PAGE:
• In general, we would expect that colleges with more resource-intensive instruction would have to charge more.

• This pattern is true for the “sticker price” cost of college, but not always for the net price paid by students after financial aid.

› Government financial aid increases some with the cost of students’ selected college.
› Colleges with the most resources for instruction also have the most resources for institutional financial aid.

The Price of College Quality

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The Choice of Where to Enroll

• Attending a higher-quality college leads to substatial gains in both the probability of graduating and future earnings.

› All students benefit from higher college quality regardless of ability

• For many students, costs do not rise substantially with returns to college.

• Why don’t all students attend the top colleges?

College as a Consumption Good

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Admission Constraints

• Even if all students would benefit from a top college, that doesn’t mean the college would admit them.

• Consider students who “undermatch” by attending a college substantially below the quality level they could attend given their ability.

• Only 6% of these students apply to a “well-matched” college and are rejected. 72% never apply to a well-matched college and the rest are accepted but enroll in a lower quality college.

› Dillon and Smith (2015) “Determinants of the Match between Student Ability and College Quality”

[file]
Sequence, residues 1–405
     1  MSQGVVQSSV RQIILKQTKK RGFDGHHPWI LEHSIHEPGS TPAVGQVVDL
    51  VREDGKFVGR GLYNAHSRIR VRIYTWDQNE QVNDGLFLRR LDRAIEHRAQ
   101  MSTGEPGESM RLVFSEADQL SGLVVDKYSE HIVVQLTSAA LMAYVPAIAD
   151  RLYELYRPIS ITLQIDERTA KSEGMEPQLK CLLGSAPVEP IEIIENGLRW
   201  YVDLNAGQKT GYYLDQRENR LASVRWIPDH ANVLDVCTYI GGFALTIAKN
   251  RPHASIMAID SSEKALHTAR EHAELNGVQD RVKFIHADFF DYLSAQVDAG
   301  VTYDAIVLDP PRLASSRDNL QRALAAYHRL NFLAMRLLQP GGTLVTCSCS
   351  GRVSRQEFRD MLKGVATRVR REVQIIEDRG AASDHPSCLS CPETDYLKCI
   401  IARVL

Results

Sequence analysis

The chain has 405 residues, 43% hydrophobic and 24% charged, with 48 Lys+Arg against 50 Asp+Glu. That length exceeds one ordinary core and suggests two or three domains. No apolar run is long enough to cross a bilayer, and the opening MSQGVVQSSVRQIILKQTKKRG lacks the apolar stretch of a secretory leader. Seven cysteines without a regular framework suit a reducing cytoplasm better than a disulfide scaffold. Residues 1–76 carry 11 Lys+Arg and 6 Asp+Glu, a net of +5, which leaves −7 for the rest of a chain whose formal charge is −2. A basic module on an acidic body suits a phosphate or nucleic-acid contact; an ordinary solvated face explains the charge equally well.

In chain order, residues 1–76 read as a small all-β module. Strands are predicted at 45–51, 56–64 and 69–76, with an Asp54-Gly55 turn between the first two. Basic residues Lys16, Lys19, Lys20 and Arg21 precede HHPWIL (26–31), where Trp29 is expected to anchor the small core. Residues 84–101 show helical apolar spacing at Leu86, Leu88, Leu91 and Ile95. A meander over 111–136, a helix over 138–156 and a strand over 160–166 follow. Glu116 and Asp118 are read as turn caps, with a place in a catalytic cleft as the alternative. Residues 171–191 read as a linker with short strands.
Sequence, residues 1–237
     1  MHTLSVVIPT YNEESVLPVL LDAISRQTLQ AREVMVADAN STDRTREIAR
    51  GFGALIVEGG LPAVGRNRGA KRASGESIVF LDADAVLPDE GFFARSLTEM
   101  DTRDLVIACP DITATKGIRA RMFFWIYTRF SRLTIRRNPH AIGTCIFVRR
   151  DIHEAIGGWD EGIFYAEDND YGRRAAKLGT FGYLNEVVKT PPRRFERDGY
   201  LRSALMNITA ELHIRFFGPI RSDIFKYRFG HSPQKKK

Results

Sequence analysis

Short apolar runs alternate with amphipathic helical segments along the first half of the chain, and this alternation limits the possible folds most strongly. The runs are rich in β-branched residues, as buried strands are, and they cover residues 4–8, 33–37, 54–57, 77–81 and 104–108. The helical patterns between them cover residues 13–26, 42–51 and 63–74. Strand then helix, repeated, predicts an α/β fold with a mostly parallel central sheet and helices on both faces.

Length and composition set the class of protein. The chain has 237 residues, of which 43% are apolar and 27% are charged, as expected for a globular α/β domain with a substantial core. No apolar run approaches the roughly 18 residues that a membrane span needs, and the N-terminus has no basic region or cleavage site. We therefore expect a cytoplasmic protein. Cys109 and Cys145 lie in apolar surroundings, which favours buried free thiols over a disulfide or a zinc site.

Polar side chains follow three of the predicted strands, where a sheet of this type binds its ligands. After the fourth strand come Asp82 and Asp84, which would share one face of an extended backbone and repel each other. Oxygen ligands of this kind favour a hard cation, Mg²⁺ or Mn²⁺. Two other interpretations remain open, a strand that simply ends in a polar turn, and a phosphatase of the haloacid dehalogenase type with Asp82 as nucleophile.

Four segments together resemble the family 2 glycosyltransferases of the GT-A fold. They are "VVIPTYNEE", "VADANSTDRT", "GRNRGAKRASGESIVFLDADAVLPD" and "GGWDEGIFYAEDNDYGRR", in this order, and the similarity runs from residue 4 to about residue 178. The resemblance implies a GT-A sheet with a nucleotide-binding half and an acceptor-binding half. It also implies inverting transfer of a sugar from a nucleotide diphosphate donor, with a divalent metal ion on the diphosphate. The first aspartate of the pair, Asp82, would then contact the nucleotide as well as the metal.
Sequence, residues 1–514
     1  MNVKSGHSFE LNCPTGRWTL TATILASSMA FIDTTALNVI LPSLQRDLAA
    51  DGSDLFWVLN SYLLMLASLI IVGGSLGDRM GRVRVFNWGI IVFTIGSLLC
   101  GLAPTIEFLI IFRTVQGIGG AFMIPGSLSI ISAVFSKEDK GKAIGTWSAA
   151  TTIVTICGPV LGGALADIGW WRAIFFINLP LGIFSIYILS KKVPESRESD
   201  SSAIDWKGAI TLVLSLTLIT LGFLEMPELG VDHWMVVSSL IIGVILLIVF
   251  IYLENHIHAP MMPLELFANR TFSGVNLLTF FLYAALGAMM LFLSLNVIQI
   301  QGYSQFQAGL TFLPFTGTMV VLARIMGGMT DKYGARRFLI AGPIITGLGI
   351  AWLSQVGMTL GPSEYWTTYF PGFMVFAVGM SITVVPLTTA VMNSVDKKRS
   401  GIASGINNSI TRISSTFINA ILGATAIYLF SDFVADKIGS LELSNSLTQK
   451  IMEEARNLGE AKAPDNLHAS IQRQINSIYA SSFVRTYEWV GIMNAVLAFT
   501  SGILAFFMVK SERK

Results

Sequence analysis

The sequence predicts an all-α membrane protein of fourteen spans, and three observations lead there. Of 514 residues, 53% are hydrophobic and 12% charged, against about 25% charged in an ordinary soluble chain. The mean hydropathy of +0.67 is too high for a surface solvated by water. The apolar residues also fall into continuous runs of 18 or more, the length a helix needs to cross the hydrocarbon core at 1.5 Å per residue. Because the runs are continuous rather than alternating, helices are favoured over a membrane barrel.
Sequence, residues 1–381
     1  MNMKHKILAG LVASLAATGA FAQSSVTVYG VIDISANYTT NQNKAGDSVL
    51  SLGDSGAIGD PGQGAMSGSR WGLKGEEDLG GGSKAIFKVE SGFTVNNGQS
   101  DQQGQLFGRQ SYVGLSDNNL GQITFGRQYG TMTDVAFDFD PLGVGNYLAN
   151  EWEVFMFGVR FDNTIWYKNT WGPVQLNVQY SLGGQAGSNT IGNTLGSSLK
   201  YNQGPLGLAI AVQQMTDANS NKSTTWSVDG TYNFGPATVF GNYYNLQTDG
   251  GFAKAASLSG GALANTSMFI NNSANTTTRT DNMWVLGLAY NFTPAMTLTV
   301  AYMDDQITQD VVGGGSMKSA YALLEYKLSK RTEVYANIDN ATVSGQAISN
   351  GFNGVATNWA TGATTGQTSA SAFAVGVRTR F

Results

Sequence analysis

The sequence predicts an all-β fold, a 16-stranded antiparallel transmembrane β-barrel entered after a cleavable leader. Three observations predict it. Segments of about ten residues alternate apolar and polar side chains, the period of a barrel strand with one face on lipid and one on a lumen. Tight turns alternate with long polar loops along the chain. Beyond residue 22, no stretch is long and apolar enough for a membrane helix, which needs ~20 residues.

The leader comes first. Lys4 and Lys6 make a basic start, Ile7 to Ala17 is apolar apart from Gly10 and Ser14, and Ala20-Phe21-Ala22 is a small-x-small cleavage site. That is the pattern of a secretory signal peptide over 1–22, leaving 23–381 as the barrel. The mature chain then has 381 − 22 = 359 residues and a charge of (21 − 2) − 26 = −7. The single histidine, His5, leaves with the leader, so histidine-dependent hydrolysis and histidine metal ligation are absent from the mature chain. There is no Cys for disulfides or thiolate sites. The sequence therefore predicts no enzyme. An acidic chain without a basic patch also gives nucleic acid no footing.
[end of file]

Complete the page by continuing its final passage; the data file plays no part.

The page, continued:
Financial and Information Constraints

• Students from the top 25% of households by wealth are 6 percentage points
less likely to undermatch than students from the bottom 25% of households.

› Overall, 25% of students undermatch

• The offspring of college graduates are 5 percentage points less likely to undermatch than the offspring of high school graduates.

› They are also 5 percentage points more likely to “overmatch” by attending a higher quality college.

• Students who from high schools where most students go on to 4 year college (70% instead of 40%) are 3 percentage points less likely to undermatch and 3 percentage points more likely to overmatch.

Experimental Evidence on Information

• Hoxby and Turner (2013) randomly target some high achieving (top 10% of SAT scores) low income students and send them a detailed package of information on the net cost of selective colleges and the process for applying
for admissions.

• Students who received the packets were substantially more likely to apply to and enroll in highly selective colleges.

What We Know about College Choice

• All students experience substantially better outcomes when they attend higher quality colleges.

• After financial aid, the net cost of higher quality colleges is not always higher than the net cost of less selective colleges, particularly for lower income students.

• Nonetheless, lower income students are substantially less likely to attend top colleges, even after conditioning on academic preparation.

• Growing consensus that lack of information about college is a key constraint.

Recent Policy Developments

• October 2011: All colleges are required to post a net cost calculator on their website.

› Any student can enter her family’s financial information and see an estimate of her individualized expected cost.

• September 2015: Department of Education publishes The College Scorecard online.

› Easy to use and compare information on net cost, graduation rates, post-college average earnings, admission rates and requirements for all colleges in U.S.